Why is To Kill a Mockingbird sometimes considered by students to be a "boring" book?
For many students the depth and breadth of the topics discussed in Harper Lee's To Kill a Mockingbird can be rigorous. Many students are so accustomed to quick and intense deliveries of stories through movies and social media that they find it difficult to take the time to read for understanding, not just entertainment. To Kill a Mockingbird, as with many great works in literature, uses the art of language to increase the quality of storytelling. If a reader is patient, and knows how to look for interesting literary devices, a story can turn out better than one might have thought. For example, a good skill to acquire while reading is to find significance in the use of language, imagery, and symbolism behind what is being said rather than merely waiting for the next car chase or explosion to happen.
In order to enjoy To Kill a Mockingbird, focus on the interesting ways different conflicts rise up against the protagonists. Seek to find out how they tackle difficult issues such as racism, growing up under persecution, hypocrisy, and conquering two hundred-plus years of prejudice in under three-hundred pages.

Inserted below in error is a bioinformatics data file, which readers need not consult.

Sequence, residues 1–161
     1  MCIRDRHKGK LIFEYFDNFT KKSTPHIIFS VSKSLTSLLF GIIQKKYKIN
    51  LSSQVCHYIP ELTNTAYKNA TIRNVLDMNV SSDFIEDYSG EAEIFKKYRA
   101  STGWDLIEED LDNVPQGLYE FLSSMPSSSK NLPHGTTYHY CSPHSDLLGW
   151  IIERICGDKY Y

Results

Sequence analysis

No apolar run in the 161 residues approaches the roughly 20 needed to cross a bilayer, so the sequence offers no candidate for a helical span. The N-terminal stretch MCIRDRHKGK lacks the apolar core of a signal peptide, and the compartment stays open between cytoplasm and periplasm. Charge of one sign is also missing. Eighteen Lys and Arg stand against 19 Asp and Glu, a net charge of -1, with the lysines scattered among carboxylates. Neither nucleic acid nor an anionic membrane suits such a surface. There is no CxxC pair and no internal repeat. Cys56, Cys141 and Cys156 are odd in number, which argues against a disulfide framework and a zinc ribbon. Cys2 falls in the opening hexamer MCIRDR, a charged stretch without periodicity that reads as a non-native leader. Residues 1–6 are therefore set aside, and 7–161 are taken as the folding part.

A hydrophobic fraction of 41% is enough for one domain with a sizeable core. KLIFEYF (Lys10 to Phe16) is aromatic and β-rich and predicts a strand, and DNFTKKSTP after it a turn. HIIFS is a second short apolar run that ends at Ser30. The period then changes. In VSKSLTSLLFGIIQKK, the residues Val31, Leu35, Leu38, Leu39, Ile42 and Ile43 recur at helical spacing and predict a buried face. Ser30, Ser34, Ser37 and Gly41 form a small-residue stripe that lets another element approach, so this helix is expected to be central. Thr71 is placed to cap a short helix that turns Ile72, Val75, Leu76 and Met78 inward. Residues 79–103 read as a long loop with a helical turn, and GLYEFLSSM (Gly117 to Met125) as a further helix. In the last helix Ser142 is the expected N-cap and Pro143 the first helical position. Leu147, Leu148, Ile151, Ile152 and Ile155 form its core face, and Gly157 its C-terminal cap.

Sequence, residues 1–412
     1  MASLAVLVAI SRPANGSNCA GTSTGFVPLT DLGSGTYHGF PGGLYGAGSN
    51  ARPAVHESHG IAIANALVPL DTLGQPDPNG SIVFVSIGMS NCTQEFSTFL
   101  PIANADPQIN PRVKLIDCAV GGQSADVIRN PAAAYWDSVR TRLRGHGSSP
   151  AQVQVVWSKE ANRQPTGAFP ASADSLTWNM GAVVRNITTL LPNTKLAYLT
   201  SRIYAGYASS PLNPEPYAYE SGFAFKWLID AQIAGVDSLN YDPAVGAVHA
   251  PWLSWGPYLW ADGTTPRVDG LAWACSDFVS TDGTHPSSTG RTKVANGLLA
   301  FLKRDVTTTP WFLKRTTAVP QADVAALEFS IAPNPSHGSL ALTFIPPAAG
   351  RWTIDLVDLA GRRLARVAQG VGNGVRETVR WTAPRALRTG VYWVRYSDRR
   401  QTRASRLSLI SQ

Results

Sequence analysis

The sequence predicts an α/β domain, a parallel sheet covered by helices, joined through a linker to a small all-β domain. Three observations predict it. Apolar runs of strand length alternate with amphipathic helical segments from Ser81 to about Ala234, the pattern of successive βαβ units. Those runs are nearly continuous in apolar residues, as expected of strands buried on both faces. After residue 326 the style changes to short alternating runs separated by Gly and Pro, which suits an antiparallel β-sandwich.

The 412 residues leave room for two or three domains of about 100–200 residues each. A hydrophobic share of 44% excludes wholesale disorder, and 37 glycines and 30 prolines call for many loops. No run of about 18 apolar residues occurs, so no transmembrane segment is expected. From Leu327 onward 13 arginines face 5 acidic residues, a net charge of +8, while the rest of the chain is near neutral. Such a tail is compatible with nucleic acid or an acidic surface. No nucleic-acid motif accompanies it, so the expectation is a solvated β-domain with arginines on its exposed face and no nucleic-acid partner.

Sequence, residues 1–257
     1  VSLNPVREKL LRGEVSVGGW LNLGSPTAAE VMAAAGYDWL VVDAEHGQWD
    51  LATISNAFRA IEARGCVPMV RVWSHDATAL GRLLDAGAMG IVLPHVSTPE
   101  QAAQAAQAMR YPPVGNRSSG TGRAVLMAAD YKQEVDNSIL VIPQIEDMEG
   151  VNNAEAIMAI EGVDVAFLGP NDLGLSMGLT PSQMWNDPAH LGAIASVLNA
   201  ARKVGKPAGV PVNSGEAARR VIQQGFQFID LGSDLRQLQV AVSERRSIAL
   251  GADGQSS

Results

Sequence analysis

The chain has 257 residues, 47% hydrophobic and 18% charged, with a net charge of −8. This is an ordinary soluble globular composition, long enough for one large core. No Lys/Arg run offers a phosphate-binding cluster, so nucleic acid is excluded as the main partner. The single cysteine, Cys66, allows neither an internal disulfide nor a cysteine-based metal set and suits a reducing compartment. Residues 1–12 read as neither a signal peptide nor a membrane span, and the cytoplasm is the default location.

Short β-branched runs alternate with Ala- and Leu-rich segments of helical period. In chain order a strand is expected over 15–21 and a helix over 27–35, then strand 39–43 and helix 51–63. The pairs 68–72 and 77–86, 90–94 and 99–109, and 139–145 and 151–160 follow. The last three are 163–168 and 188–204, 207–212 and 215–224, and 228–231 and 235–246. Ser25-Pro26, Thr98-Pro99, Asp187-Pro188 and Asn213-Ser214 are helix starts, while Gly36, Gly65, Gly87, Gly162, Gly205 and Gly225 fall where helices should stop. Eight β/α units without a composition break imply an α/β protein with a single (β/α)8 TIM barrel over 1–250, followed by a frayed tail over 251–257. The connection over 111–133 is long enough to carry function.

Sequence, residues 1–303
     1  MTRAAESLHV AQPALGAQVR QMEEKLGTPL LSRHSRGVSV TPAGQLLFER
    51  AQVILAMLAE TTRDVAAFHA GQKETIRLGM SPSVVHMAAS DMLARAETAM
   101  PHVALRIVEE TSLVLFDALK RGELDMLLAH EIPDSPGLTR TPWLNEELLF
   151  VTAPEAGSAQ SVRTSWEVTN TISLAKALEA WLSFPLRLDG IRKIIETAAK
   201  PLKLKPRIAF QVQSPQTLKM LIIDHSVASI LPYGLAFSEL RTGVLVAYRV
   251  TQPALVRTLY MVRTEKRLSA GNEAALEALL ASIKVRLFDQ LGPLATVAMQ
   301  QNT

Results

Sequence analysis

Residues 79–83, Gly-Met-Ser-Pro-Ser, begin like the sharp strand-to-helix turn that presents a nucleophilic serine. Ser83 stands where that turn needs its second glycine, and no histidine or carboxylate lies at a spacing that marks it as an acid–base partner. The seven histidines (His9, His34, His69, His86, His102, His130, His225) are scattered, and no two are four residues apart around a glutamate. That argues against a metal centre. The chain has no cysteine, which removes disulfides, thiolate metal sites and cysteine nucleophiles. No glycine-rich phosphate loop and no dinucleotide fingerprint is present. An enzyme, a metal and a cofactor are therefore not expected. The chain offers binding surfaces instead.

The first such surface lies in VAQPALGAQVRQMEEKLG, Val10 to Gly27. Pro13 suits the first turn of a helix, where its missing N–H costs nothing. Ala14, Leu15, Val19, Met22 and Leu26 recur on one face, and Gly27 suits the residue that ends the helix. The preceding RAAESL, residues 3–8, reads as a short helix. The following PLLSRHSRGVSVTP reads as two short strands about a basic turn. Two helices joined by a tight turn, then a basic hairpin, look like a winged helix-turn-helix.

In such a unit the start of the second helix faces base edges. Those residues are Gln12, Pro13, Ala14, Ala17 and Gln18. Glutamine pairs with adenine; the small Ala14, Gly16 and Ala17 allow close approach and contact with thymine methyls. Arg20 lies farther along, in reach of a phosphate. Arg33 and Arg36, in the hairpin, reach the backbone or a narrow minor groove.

Another challenge, that if met will enhance the quality of the reading, is to connect with the characters by placing yourself in their shoes. How would you react to the difficult challenges that they face? How would you react if you were attacked by a psychotic man on Halloween night and saved by the town's boogieman? What would you do if your teacher stood up in class and said Hitler's treatment of Jews is bad, but it's still alright to discriminate against African Americans? These are all very profound questions, that if honestly explored, can create a very interesting read.
Some of the best advice, actually, comes from Atticus himself:
"First of all. . . if you can learn a simple trick, Scout, you'll get along a lot better with all kinds of folks. You never really understand a person until you consider things from his point of view. . . until you climb into his skin and walk around in it" (30).
Maybe a reader can apply this advice to a book as well. Climb into the skin of a book and walk around in it for a while to determine what its purpose is. Determining how a book can be applied to one's own life and society today helps to increase its value and importance while also making it more interesting.
To Kill a Mockingbird is sometimes seen as boring because the language used is not what students are familiar with hearing now. Scout also is not a protagonist all students identify with easily, and relating to the main character of a story usually makes people more interested in the story because they see themselves in that character.
Also, I know I enjoy books less when I have to read them for class rather than when I read them on my own, even if I was assigned a book I already wanted to read. When assigned to read a book, the freedom to choose whether you read the book is taken away from you, which can make reading any literary work less exciting.